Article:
Road Lighting Measurement Using Imaging Photometer
Light emitting diode (LED) technology is revolutionising functional outdoor lighting and in street lighting, LED is an alternative to traditional lamp sources such as high intensity discharge lamps and high pressure sodium luminaires. To quantify the performance of LED street lighting options, lighting specifiers must compare the claimed benefits of LED fixture such as long life, reduced maintenance and energy savings, to traditional light sources.
Most common road lighting calculation methods have been based on international standards CIE 140 published in 2000. Road lighting for main roads is normally specified using the following parameters:
- 1. Average road surface luminance (Lav)
- 2. Overall road surface luminance uniformity (UO)
- 3. Longitudinal road surface luminance uniformity (UL)
- 4. Threshold increment (TI%)
- 5. Surround ratio (SR)
Road lighting measurements (ie. Lav, Uo, UL) are conventionally done with spot luminance meters, such as Konica Minolta Luminance Meter LS-100. The use of spot luminance meters, however, leads to long set-up and measurement time caused by the large numbers of measurement points (≥ 30 points) distributed across the measurement field as required by the measurement standard. To enable the measurement to be carried out without the influence of vehicle headlamps, road closure (including the opposite lanes, if any) for several hours is needed. This will lead to traffic disruption and cost.
Certain road surface luminance details in between measurement points (caused by wearing and weather conditions) may not have been taken into account using the above-mentioned spot method. Hence, the actual maximum and minimum road surface luminance and the subsequent average and uniformity analysis may not be representative of the actual road condition.
With the technological advancement in optical and imaging technology, it is now possible to use an imaging photometer, such as Konica Minolta 2D Color Analyser CA-2500, instead of a spot photometer for road lighting measurement. A 2D imaging photometer using high resolution CCD sensor is able to measure luminance distribution for the entire road surface area instead of just luminance of predefined points, thus providing more comprehensive information for the analysis of road lighting performance in a shorter time.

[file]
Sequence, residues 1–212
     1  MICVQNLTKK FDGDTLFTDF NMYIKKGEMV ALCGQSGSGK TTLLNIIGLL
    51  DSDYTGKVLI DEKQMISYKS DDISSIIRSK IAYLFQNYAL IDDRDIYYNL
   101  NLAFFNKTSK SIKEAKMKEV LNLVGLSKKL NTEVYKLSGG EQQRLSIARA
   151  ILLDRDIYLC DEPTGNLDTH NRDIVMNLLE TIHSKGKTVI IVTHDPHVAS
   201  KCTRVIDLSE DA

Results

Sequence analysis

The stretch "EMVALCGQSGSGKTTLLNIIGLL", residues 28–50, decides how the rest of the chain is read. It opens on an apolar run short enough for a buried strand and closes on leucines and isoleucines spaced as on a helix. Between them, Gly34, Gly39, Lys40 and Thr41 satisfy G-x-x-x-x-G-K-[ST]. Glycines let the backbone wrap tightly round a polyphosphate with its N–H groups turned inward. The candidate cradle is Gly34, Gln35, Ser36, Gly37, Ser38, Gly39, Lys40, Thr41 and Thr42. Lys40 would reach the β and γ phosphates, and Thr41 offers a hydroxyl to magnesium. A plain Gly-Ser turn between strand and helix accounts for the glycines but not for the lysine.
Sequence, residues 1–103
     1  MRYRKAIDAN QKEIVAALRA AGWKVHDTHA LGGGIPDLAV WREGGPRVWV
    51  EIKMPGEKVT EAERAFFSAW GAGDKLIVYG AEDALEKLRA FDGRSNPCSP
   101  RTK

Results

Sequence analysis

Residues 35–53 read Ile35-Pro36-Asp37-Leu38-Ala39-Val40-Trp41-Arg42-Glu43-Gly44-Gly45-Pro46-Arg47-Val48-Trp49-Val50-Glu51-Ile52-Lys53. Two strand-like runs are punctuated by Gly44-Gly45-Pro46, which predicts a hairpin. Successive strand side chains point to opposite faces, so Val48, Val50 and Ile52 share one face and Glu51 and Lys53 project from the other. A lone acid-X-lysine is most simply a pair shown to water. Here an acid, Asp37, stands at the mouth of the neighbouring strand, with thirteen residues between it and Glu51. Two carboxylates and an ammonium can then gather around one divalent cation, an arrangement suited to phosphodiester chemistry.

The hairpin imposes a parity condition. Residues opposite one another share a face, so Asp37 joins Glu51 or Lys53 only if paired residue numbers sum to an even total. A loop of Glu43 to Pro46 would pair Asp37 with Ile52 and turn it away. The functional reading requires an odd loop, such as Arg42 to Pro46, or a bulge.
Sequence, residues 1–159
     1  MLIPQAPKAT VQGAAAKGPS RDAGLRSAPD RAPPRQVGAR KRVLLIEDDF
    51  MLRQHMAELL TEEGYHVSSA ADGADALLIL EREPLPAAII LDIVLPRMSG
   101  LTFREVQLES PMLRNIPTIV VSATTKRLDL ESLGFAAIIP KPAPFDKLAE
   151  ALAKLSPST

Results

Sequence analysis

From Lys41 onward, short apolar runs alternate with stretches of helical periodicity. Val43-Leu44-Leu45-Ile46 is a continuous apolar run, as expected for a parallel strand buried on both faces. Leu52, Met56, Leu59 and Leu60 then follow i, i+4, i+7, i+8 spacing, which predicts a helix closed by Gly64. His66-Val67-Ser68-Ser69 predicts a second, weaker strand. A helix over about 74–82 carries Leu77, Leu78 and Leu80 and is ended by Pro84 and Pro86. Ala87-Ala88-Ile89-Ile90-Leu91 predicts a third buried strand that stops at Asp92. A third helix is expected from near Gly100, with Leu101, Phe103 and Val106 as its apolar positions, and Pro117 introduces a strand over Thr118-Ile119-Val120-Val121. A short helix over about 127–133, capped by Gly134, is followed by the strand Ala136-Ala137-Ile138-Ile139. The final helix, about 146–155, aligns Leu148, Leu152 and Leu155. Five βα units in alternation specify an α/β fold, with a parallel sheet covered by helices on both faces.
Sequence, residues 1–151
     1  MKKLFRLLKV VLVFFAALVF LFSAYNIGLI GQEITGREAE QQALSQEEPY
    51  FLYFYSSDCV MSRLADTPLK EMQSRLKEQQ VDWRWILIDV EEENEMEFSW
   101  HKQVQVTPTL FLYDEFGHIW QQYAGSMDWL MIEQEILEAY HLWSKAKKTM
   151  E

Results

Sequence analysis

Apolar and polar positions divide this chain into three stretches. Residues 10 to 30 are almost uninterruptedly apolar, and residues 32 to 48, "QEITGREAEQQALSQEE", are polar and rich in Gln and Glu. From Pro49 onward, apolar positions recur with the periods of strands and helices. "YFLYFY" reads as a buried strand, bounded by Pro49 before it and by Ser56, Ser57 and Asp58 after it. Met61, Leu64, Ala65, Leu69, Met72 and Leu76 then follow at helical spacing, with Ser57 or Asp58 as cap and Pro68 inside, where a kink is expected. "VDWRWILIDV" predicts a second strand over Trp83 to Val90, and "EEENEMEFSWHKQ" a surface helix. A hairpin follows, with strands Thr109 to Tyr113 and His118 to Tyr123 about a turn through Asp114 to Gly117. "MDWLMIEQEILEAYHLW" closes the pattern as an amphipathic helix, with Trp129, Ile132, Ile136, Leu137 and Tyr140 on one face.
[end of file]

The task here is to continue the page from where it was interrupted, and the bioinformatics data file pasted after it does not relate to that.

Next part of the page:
The set-up and measurement time required for road lighting measurement with an imaging photometer is also much shorter as compared to conventional spot photometer as the imaging photometer captures the luminance distribution of the entire road surface area in just a few seconds. Hence, the road closures can be largely reduced.
For more information, please click 2D Color Analyser CA-2500 and Luminance Meter LS-100. Alternatively, feel free to contact us at +65 6895 8685 or drop us an email at firstname.lastname@example.org to find out more from our color team on the product capabilities or to have a no-obligation discussion with our application advisors to help you select the appropriate models for your specific application.
The ability for imaging photometer to measure luminance distribution for the entire visual field, including the road surroundings and any targets in the visual field, also opens up new possibilities in analysing road lighting and its influence on drivers in future.
Konica Minolta offers a wide range spot photometer and imaging photometer for road lighting measurement. For more information on light measuring instruments, please visit Konica Minolta website at http://sensing.konicaminolta.asia/applications/light-measurement/
1) CIE Commission Internationale de l’Éclairage, 2000, Road Lighting Calculations, Publication No. 140.
2) Study report on “Road Surface Luminance Distribution Measurement by Imaging Photometer” made jointly by Guangdong Provincial Quality Supervision and Inspection Centre (Dongguan branch) and Konica Minolta in 2011.
Mervin Woo is currently the Sales Manager for Konica Minolta Sensing Singapore Pte Ltd. Mervin graduated from The Royal Melbourne Institute of Technology (RMIT University) and joined Konica Minolta (previously known as Minolta Singapore Pte Ltd) in 1996. With over 17 years’ experience in the field of light and colour instrumentation industry, Mervin has been invited to give talks in several conferences and seminars on light and colour management, jointly organised by various industry associations, such as Society of Information Display (Singapore and Malaysia Chapter), and International Commission on Illumination (CIE), Malaysia. He has also written an educational handbook, The Language of Light, which explains basic concepts in photometry and colorimetry. This handbook also gives an overview on photometric and colorimetric instrumentations and addresses important considerations on instrument’s selection.